Understanding Debt in the Older Population

32 Pages Posted: 18 Feb 2020 Last revised: 11 Dec 2020

See all articles by Annamaria Lusardi

Annamaria Lusardi

George Washington University - Department of Accountancy; National Bureau of Economic Research (NBER)

Olivia S. Mitchell

University of Pennsylvania - The Wharton School; University of Pennsylvania - The Wharton School, Pension Research Council; National Bureau of Economic Research (NBER)

Noemi Oggero

University of Turin

Multiple version iconThere are 3 versions of this paper

Date Written: December 10, 2020

Abstract

Poor financial capability can erode well-being in later life. To explore debt and debt management among older Americans, age 51-61, we designed and analyzed a new module in the 2018 Health and Retirement Study along with information from the 2018 National Financial Capability Study. Even though this group should be at the peak of their retirement saving, it nevertheless carries debt due to student loans and unpaid medical bills; having children also contributes. By contrast, the financially literate have more positive financial perceptions and behaviors. Specifically, being able to answer one additional financial literacy question correctly is associated with a higher probability of reporting an above average credit record and planning for retirement. Higher financial literacy is also linked to being less likely to carry excessive debt, being contacted by debt collectors, and carrying medical debt or student loans, even after accounting for a large range of demographics and other characteristics. Evidently, financial knowledge can help limit debt exposure at older ages.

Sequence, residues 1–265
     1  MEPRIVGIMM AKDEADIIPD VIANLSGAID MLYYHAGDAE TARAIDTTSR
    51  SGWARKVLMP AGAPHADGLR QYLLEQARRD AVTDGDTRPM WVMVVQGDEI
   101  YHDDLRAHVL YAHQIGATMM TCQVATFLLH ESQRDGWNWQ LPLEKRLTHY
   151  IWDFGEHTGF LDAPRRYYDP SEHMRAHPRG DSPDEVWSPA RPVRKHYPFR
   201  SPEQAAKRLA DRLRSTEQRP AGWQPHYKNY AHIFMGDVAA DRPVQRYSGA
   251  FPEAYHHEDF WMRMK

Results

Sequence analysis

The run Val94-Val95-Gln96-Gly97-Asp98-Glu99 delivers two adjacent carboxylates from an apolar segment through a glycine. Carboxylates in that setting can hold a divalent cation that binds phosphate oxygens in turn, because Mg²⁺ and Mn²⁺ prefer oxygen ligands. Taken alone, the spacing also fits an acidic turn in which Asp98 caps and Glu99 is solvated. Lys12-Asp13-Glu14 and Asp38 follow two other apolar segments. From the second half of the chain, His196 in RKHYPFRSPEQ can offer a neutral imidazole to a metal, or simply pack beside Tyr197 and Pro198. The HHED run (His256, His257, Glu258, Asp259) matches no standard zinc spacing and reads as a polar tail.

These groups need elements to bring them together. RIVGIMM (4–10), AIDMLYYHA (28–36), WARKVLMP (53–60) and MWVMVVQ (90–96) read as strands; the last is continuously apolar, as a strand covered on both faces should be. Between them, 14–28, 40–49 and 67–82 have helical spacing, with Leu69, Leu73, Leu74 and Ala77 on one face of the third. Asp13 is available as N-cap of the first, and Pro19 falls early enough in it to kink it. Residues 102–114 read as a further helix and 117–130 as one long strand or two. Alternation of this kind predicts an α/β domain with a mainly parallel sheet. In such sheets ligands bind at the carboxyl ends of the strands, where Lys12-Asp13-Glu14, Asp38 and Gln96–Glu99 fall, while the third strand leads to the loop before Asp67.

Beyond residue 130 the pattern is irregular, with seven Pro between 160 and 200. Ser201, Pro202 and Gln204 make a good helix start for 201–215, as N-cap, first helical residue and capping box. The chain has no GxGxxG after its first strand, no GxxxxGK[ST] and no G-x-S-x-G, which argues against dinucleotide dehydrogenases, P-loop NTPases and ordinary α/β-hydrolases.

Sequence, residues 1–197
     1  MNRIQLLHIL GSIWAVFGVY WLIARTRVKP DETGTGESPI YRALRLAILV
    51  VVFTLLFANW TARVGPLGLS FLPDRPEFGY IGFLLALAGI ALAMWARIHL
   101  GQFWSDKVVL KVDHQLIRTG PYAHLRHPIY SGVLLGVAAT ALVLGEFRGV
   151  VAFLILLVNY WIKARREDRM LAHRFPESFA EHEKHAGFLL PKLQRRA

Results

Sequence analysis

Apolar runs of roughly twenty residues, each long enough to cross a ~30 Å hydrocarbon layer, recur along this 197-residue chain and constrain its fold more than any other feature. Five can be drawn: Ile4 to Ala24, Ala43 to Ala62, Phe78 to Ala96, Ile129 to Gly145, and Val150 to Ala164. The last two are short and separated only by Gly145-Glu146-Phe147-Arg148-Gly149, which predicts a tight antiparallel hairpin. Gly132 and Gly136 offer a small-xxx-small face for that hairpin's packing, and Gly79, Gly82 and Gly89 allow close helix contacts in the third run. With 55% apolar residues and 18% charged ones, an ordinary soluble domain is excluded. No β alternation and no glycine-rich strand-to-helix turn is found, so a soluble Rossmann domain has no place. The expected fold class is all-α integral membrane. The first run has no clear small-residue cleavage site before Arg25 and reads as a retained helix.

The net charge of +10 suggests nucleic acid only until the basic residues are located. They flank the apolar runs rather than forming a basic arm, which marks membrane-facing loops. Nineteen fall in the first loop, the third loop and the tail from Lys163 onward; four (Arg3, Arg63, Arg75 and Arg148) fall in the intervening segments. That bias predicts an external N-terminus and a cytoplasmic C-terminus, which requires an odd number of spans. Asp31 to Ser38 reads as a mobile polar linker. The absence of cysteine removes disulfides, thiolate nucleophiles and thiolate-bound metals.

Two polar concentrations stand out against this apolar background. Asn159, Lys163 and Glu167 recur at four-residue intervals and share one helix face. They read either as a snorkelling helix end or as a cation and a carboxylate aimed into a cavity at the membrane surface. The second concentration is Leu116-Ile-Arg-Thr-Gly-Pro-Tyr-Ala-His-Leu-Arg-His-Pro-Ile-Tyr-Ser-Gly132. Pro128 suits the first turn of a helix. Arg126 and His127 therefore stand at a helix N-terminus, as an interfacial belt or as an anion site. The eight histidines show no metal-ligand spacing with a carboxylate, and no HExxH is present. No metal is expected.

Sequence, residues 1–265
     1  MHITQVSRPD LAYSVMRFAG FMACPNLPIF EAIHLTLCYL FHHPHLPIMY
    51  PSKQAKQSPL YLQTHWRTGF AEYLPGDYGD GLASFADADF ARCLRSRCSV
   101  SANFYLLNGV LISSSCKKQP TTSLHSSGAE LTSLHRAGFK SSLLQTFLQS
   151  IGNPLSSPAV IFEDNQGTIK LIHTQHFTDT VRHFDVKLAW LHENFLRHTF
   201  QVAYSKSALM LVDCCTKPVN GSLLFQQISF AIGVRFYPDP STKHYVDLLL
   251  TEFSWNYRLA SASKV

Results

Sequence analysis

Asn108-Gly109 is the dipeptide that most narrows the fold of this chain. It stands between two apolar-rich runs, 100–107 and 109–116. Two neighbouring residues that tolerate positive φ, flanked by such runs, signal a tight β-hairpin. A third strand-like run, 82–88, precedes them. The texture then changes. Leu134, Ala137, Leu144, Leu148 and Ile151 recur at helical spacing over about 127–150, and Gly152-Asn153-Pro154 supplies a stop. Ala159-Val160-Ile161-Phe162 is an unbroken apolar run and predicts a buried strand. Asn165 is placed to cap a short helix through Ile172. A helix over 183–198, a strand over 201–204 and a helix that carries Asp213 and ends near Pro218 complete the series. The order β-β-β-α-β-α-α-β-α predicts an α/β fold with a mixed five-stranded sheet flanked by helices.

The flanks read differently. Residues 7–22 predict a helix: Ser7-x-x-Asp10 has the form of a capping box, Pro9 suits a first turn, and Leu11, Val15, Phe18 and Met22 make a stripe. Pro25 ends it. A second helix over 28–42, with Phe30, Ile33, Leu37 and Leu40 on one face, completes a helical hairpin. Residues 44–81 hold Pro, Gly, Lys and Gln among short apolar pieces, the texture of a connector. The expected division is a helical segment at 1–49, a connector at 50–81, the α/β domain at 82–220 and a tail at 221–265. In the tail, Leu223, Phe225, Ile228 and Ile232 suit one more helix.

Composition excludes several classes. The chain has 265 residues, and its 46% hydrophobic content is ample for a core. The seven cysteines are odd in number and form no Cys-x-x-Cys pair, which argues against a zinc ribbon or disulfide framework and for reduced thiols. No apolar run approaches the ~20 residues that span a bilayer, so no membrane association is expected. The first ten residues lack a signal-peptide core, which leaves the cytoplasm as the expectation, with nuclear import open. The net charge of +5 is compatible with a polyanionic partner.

Keywords: Retirement, debt, medical bills, student loans, mortgages, financial literacy, financial fragility

JEL Classification: G40, G41, G51, G53, H31

Suggested Citation

Lusardi, Annamaria and Mitchell, Olivia S. and Oggero, Noemi, Understanding Debt in the Older Population (December 10, 2020). Wharton Pension Research Council Working Paper No. 2020-04, Available at SSRN: https://ssrn.com/abstract=3537858 or http://dx.doi.org/10.2139/ssrn.3537858

Annamaria Lusardi

George Washington University - Department of Accountancy ( email )

George Washington University School of Business
Washington, DC 20052
United States

HOME PAGE: http://business.gwu.edu/profiles/annamaria-lusardi/

National Bureau of Economic Research (NBER)

1050 Massachusetts Avenue
Cambridge, MA 02138
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Olivia S. Mitchell (Contact Author)

University of Pennsylvania - The Wharton School ( email )

Philadelphia, PA 19104-6365
United States

University of Pennsylvania - The Wharton School, Pension Research Council ( email )

3302 Steinberg Hall-Dietrich Hall
3620 Locust Walk
Philadelphia, PA 19104-6302
United States

National Bureau of Economic Research (NBER)

1050 Massachusetts Avenue
Cambridge, MA 02138
United States

Noemi Oggero

University of Turin ( email )

Corso Unione Sovietica 218 bis
Torino, Turin 10134
Italy

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